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64 S.D. L. Rev. 313 (2019)
The Helmet Law in Nevada: How to Hassle Harley Riders

handle is hein.journals/sdlr64 and id is 355 raw text is: 


                             TRAVIS N. BARRICKt

     Motorcycle  helmet laws  have long been  a source of controversy between
lawmakers,  law enforcement, and riders. Nevada's Helmet Law, enacted in 1971,
is no different. This article shows how  Nevada's  Helmet  Law  hassles riders,
particularly Harley riders, through its arbitrary and inconsistent enforcement. No
one  knows for certain which helmets do  or do not qualify under the law. This
hassle often causes ticketed riders simply to pay the fine rather than challenge it
in court. Revenue generated from  unchallenged tickets encourages counties and
law enforcement  to continue writing tickets. In instances where tickets have been
challenged  in court, a  dismissal invariably follows.   When  brought  to the
legislature, lawmakers justify the law as a safety measure, disregarding its overall
ineffectiveness. Thus, the kabuki theatre known as the Nevada Helmet Law plays

                             I. INTRODUCTION

     The  only thing that is clear about Nevada's Helmet Law is that it is not clear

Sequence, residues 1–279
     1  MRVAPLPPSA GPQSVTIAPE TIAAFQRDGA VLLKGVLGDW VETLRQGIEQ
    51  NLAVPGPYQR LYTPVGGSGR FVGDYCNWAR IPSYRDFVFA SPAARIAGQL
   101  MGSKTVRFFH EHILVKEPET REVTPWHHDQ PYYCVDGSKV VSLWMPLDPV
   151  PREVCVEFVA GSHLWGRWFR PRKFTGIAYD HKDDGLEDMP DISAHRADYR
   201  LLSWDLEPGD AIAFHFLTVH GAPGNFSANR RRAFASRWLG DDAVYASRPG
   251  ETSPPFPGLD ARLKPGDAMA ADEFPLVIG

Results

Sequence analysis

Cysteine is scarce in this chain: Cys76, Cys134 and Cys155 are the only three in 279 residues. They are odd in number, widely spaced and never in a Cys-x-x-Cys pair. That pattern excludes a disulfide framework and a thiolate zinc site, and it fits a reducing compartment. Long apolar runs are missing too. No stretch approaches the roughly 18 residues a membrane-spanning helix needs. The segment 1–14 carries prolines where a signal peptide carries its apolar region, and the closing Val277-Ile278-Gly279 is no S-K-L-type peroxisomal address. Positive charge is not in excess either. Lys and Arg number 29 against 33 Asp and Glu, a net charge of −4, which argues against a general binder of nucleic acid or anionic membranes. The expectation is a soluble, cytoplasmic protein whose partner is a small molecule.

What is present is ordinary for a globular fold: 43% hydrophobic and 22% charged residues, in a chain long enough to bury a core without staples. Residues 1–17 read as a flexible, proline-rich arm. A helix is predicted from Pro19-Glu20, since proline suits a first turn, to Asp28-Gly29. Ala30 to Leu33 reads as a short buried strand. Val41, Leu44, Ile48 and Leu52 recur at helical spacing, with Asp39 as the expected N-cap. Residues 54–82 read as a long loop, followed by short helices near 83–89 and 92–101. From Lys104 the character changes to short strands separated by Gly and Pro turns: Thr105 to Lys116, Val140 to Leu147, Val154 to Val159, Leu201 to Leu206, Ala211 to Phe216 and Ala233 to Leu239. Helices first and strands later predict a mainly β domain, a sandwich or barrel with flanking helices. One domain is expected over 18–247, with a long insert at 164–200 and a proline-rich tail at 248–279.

what  constitutes an illegal helmet. It is very clear, based upon the current state of
the law and its enforcement, that the Helmet Law is being arbitrarily applied in
a consistently pretextual manner, predominantly against Harley riders.


     The  Nevada  Helmet  Law   was enacted  in 1971.1  The  law has remained
 fundamentally unchanged  since then.2 Nevada Revised  Statutes section 486.231,
 in its current form provides, in pertinent parts:

         1. The Department shall adopt standards for protective headgear and
         protective glasses, goggles or face shields to be worn by the drivers
         and passengers of motorcycles  and transparent windscreens for

 Copyright C 2019. All Rights Reserved by Travis N. Barrick and the South Dakota Law Review.
 tTravis N. Barrick, Esq. Mr. Barrick is a native Nevadan and is licensed to practice law in the state and
 federal courts of California (2003), Nevada (2005) and Utah (2006), before the Department. of Veterans
 Affairs (2008) and the Court of Appeals for Veterans Claims (2009). He received his B.A. in Legal Studies
 (1997) and Masters in Public Administration (1999) from National University, San Diego and his J.D.
 (2002) from the University of San Francisco School of Law.1. NEV. REV. STAT. ANN. § 486.231 (West
 1971 & Supp. 1985).
     2. Id.

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